Fast-food workers across Atlanta and the world have not abandoned their demands for a living minimum wage.
On Thursday, May 15 at three Atlanta locations and at countless others across the globe, fast-food workers are planning walk-outs in an expressive demand for fair wages and the right to form a union.
In Atlanta, walk-outs are anticipated at Ponce de Leon Avenue and Boulevard (5:30 a.m.); at Moreland and Glenwood avenues (10 a.m.); and at Cleopas Johnson Park at Fair Street and Northside Drive (1 p.m.).
President Barack Obama has called on Congress to raise the national minimum wage from $7.25 to $10.10 an hour, and this year signed an executive order to raise the minimum wage to $10.10 for individuals working on new federal service contracts.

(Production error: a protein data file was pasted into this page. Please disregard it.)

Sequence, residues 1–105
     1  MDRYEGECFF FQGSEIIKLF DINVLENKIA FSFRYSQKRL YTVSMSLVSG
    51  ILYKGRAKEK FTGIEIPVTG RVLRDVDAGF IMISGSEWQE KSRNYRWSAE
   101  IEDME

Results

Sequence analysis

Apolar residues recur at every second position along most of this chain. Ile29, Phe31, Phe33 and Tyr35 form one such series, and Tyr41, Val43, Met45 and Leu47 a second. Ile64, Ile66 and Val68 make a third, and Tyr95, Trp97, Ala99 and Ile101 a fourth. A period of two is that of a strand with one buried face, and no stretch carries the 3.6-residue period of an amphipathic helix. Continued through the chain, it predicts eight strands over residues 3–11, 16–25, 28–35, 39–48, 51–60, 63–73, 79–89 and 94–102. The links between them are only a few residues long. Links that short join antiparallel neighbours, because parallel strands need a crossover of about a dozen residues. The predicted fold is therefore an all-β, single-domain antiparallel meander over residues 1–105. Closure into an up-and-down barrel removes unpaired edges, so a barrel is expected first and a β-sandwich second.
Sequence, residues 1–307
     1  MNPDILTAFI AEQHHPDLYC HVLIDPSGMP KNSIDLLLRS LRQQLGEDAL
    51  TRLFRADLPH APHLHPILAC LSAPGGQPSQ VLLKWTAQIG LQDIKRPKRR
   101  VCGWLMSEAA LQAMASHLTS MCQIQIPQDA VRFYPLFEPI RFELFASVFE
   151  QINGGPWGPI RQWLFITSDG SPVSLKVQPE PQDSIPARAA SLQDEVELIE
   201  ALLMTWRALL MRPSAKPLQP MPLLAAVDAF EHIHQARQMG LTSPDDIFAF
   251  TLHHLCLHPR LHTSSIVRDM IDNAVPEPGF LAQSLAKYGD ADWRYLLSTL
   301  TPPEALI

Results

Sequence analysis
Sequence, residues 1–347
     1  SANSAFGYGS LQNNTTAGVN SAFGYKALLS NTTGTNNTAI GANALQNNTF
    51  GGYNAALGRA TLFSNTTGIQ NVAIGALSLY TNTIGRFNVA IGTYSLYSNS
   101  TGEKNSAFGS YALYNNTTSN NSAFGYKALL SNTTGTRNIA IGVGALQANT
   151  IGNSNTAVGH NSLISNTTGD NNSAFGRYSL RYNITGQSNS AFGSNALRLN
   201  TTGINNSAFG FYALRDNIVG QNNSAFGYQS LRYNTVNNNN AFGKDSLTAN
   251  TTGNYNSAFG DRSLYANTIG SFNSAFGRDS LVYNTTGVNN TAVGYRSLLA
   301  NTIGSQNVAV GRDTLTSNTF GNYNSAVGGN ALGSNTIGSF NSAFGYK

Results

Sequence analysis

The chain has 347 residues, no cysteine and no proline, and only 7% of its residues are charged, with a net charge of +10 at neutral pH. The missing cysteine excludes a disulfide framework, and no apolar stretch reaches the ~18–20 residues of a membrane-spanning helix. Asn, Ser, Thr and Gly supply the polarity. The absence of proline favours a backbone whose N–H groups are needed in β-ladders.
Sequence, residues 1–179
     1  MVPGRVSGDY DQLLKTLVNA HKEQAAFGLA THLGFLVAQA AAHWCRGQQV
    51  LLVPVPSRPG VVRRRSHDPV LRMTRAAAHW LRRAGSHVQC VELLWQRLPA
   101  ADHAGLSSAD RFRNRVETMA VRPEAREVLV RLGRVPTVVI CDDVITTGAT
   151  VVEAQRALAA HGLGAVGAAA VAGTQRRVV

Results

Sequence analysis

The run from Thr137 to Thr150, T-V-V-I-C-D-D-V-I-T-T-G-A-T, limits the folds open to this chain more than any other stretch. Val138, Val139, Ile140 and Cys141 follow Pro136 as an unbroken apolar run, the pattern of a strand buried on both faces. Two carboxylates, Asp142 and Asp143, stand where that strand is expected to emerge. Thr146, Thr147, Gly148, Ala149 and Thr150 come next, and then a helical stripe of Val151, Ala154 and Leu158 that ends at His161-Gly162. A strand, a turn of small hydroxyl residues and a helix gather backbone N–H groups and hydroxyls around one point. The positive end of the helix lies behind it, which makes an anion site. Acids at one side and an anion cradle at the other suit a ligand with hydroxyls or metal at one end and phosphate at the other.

Due to inflation, the current minimum wage in the U.S. makes it worth three or more dollars less than it was in 1968.
According to the Bureau of Labor Statistics, 1.57 million Americans, or 2.1 percent of the workforce were drawing a minimum wage in 2012. Of that number, about 50 percent worked in fast food, hospitality or leisure industries.
Digital Journal reports that only about one-third of minimum wage workers are teenagers, and 62 percent of those workers under 25 years of age are in school. This leaves a group of middle-class teens and married women who live above the poverty line, many working part-time while raising young children.